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July 24, 2024

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runforyerlife (Jump Up! Records)

By: Alex Steininger

Runforyerlife covers the gamut of ska with their unique blend of jazz, pop, traditional-influenced ska, Klezmer, hip-hop, and Caribbean rhythms. Best described as a flavorful blend ska, with a heavily traditional root, the band's female-fronted vocal sound is backed up with a nice dance groove that will get you on the floor skanking with enthusiasm.

"Tanktop" and "Spy" showcase the band's traditional appeal. Jazzy horns mark each song, while the rhythm section plays steady with a heavy accent on Caribbean flavors. The lead vocals flow like silk over the song, adding a nice aroma to mix.

Then there is songs like the instrumental "Crinkle," "Te Vi," "Hand That Feeds," "Dr. C. Funk," which hint at a more up-tempo, faster side of the band. The songs take on a more '3rd wave' approach as they speed things up and get you dancing at a very vigorous pace.

Of course, then there is the heavily distorted intro of "Adoline," which hints at a metal influence. Then the song busts into a hyper-ska song typical of ska-punk. The horns are bold and dash out in front of you, while the guitar just cruises down its path with neck-breaking speeds. The rhythm section keeps up well, hammering the notes with flare and speed.

"How Light The Moon" points at a funk influence as well, as the rhythm section gets down and funky. All the while, the horns settle back into a Klezmer meets Caribbean horn taste. The even manage to throw some jazz notes your way too, which makes for an interesting combination, especially when the funk is tossed into the mix.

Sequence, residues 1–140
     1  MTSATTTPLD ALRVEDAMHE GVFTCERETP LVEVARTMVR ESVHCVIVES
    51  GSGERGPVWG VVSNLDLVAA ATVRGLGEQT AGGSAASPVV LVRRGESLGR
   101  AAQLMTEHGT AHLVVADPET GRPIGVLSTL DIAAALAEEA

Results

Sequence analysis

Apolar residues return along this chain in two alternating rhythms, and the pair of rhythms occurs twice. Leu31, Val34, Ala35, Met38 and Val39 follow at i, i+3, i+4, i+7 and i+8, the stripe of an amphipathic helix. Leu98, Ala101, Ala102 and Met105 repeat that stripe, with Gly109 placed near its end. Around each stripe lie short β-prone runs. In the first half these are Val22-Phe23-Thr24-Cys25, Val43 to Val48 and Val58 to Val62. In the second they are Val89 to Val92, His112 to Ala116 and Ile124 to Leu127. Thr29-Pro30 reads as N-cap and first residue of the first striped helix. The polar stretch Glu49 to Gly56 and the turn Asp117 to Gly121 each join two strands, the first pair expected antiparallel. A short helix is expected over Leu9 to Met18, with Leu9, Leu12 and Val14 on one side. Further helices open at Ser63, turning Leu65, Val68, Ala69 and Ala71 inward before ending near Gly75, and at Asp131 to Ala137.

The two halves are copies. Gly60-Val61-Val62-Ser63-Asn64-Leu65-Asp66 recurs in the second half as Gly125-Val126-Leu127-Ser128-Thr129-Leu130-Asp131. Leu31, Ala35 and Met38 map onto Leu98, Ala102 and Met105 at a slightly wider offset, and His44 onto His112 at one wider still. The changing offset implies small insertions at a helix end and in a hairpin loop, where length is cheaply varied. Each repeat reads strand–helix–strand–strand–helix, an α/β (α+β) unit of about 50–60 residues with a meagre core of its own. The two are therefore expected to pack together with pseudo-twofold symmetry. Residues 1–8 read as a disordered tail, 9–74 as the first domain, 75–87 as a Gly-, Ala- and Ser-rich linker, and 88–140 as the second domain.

"Heard and Not Seen" is another song that takes a ska-punk approach to things, jumping around like a kid on a sugar buzz. It then bursts into a cleaner, but still fast, third wave ditty and gets you dancing with a clever groove and plenty of tasty percussion beats. Of course, that doesn't last long, because they jump right back into the ska-punk section of the song and continue to trade off with different styles, even adding some funk near the middle.

Eclectic definitely applies to this band. They'll start out with a traditional groove, throw in some funk, and the next minute will be knee deep in some ska-punk. It sounds good though, and keeps things interesting, so you can't hold them down for that. The female vocals bring the songs to life, while the band keeps things exciting. I'll give the album a B.

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